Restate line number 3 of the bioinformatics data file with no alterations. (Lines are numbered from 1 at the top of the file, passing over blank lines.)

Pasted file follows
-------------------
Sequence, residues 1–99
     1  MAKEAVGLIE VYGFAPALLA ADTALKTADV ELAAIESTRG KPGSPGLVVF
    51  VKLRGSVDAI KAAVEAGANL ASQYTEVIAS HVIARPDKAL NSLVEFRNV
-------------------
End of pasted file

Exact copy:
    51  VKLRGSVDAI KAAVEAGANL ASQYTEVIAS HVIARPDKAL NSLVEFRNV